Are you ready to experience the same terror gripping the Grace Field orphans? While The Promised Neverland manga releases its final volume on October 10th and the 2nd season of the anime production on hiatus, there’s still plenty to look forward to. We’re talking live-action! As part of the cross-promotion between the manga and live-action movie, Sister Krone has been all over Japan giving everyone the creeps.
You can’t escape her maniacal grin. She’ll catch you off-guard as you’re going about your day on the subway walkways. Beware her demented eyes slowly being revealed in the darkness behind elevator doors, beside the ATM, and even peeking out beside the sidewalk. Run, people, run!
Sister Krone (Naomi Watanabe) is everywhere as part of The Promised Neverland live action promotion.
Here’s a quick comparison below from fans on Twitter. It’s problematic, especially that the Black Lives Matter or BLM movement is ongoing and the black community needs representation more than ever. Others believe this is an example of whitewashing. But we’re not entirely sure. As one netizen puts it, “The Japan film industry lacks black actresses.”
Cast for the TPN Live Action movie
-Keiko Kitagawa as Mama Isabella
-Naomi Watanabe as Sister Krone pic.twitter.com/Xu5pxJpoCp
— 🌟The Promised Neverland🌟 (@TPNManga) June 19, 2020
I have no doubt that Naomi Watanabe is talented. Perhaps she’s been chosen because of her title, “the Japanese Beyoncé”, a trademark impersonation that made her rise to fame back in 2008. Some fans are angry about it, given that Keep Your Hands Off Eikouzen managed to cast Grace Emma (a black actress) as Sowande Sasaki and stayed true to the source material. Why can’t The Promised Neverland do the same for its live-action cast?
Meanwhile, some fans are excited about it, because it’s Naomi Watanabe, who can give the character a better portrayal than the source material. Some think that the original depiction of Sister Krone is racist in itself because of how black people are typically typecast as villains. At least they didn’t go out of their way to incorporate blackface.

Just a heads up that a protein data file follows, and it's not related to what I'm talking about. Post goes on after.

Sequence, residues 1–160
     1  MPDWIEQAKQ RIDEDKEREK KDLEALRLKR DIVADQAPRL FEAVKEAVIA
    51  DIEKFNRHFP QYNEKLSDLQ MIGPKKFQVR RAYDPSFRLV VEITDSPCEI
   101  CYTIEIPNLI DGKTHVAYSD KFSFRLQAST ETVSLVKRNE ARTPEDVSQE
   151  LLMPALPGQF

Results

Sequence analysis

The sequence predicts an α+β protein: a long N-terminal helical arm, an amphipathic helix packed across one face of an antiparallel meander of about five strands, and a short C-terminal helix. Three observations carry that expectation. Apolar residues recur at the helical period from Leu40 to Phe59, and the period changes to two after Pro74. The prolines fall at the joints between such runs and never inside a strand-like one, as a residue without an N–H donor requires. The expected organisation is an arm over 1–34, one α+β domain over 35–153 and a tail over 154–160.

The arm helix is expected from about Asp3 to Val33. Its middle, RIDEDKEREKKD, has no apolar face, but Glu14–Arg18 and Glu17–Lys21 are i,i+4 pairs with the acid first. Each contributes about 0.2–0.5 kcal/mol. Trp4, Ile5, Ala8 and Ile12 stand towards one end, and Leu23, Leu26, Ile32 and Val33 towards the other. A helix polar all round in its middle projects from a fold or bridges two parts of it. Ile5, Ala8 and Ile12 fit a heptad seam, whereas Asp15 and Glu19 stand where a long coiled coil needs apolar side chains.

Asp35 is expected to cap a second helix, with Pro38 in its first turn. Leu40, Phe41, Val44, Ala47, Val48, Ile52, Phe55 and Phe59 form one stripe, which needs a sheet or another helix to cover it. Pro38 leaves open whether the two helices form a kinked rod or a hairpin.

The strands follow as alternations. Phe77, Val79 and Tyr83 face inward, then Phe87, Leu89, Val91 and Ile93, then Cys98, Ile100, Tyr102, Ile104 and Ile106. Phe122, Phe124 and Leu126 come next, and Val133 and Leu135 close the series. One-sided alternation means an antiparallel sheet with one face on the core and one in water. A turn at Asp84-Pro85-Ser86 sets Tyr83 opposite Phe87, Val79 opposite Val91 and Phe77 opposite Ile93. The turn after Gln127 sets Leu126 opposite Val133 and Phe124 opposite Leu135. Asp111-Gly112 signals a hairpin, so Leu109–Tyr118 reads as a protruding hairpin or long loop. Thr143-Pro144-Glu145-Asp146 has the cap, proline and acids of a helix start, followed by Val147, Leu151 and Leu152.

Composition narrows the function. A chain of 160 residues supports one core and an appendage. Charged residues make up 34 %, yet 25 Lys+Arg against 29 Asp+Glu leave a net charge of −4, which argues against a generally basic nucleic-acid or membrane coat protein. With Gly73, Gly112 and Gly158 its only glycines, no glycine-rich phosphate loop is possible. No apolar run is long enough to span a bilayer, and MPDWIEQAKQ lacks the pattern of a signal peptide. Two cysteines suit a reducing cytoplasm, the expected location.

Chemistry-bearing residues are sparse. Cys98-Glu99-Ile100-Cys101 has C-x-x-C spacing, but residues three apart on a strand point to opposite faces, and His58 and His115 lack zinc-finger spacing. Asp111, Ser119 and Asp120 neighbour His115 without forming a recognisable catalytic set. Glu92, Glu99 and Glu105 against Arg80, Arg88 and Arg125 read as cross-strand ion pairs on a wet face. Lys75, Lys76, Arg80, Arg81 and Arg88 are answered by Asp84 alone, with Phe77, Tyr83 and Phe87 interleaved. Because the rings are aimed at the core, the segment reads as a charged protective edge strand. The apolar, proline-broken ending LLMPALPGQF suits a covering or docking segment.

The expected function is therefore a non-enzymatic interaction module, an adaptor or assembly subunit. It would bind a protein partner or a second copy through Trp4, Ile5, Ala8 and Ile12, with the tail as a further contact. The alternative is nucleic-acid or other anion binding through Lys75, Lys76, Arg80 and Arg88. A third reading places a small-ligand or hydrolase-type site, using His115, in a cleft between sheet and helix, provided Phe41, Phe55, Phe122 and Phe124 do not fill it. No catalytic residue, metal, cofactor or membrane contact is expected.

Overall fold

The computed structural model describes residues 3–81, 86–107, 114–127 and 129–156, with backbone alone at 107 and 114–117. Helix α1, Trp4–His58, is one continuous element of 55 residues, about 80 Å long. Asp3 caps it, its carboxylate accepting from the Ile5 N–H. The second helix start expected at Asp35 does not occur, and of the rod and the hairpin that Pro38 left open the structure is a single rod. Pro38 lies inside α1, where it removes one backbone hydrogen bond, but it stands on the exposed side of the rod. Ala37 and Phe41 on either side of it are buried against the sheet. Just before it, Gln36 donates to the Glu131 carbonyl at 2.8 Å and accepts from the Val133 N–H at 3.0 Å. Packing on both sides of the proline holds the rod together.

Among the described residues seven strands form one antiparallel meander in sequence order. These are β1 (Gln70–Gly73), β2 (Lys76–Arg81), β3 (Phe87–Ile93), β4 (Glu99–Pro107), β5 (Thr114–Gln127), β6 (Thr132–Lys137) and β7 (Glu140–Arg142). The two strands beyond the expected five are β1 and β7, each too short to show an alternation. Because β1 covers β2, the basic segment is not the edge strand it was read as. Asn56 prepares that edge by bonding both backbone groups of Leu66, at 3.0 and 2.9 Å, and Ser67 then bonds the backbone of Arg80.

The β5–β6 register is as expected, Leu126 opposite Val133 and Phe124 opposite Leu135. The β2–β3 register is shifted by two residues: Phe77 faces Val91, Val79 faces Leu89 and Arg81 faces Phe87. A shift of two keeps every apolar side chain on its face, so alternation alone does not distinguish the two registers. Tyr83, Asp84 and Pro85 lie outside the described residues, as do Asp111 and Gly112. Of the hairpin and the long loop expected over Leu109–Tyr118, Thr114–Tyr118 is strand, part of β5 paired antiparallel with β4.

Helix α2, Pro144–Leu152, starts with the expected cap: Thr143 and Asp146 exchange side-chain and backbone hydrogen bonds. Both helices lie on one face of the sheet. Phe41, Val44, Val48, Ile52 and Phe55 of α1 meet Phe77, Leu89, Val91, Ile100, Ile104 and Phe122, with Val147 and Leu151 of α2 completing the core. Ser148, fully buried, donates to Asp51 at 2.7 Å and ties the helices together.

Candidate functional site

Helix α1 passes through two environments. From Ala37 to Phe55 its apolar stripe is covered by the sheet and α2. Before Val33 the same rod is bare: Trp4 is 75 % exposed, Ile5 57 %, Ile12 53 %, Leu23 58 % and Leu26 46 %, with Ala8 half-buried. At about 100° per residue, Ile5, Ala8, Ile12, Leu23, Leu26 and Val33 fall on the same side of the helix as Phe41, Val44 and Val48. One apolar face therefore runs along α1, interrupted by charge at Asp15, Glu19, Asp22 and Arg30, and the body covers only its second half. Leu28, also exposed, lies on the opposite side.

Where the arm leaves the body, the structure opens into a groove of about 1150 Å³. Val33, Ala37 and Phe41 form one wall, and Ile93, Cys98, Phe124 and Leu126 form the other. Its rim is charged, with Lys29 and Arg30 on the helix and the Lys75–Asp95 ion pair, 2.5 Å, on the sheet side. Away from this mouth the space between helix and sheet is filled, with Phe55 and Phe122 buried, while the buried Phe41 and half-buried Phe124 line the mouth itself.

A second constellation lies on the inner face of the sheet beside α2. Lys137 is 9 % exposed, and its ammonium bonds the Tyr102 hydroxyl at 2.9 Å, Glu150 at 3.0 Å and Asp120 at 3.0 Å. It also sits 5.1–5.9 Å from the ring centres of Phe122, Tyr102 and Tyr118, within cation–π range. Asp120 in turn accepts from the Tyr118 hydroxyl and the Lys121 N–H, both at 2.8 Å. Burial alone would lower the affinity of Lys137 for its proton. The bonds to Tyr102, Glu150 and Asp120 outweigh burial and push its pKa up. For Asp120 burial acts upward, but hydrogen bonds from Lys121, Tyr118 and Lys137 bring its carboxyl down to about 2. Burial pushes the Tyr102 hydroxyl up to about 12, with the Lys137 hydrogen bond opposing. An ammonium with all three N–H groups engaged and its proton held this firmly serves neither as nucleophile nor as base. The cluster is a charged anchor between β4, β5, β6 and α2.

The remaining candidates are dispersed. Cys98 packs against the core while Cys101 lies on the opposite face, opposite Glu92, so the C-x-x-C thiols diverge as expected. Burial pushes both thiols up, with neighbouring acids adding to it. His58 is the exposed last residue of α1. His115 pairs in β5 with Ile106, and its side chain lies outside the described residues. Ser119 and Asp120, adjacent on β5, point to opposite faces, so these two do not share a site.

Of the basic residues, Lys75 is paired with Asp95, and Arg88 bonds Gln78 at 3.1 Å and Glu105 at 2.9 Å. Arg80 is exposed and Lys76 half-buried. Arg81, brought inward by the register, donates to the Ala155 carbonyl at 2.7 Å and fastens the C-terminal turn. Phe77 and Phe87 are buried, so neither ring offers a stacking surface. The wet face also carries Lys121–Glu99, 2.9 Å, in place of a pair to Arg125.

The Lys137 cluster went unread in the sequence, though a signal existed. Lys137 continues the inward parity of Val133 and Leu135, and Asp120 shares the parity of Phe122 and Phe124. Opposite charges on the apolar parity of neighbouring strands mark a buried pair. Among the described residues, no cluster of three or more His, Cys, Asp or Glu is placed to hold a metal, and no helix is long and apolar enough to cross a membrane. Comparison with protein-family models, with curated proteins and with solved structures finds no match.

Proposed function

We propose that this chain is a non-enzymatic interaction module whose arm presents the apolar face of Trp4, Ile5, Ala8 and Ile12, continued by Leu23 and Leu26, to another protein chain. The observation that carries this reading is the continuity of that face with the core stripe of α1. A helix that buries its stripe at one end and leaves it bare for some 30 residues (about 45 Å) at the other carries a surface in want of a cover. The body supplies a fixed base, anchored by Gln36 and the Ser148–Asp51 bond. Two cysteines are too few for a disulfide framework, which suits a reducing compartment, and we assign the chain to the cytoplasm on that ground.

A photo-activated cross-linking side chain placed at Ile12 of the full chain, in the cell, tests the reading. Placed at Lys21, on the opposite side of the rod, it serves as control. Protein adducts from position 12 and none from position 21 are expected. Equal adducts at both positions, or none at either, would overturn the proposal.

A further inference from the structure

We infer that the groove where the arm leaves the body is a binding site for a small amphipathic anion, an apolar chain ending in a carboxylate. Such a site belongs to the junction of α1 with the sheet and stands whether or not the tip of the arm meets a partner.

Personally, I’m torn. While I understand it might not be easy to find a black actress in Japan who speaks Japanese fluently and fits the role, it’s more important than ever to demonstrate awareness. Erasing Sister Krone’s blackness seems like a step backward in 2020. Despite knowing that it’s probably not as bad as the whitewashing in M. Shyamalan’s The Last Airbender, the fact that they didn’t cast a black woman casts a shadow into this quirky and fun promotion. I shudder to think that if Final Fantasy VII had a live-action movie, casting directors would also replace Barret with a white-skinned, fully Japanese actor.
However, I’m still keen to see how Naomi Watanabe will breathe life into this cunning caretaker with a personal agenda. From the short clips, she has the aunty vibes, the frightening facial expression, and comedic timing down. But for me, it’s not enough.
It’s ironic that a series that gives freedom and individuality so much importance wasted the opportunity to represent their only black character. Even if they manage to correct the stereotypical villain that Sister Krone represented in the manga and anime, removing Sister Krone’s blackness is not the best way to go about it. Let’s wait and see if The Promised Neverland live-action movie can make up for this blunder.
The rest of the cast Minami Hamabe, Jyo Kairi, and Rihito Itagaki as well as Keiko Kitagawa seem promising (save for the fact they won’t look completely like kids aged 10 – 12). I expected the wall to be higher, though.
Note: Don’t be confused with a separate live-action series coming to Amazon this 2021. The Promised Neverland live-action film is set for release in Japan on December 18, 2020.
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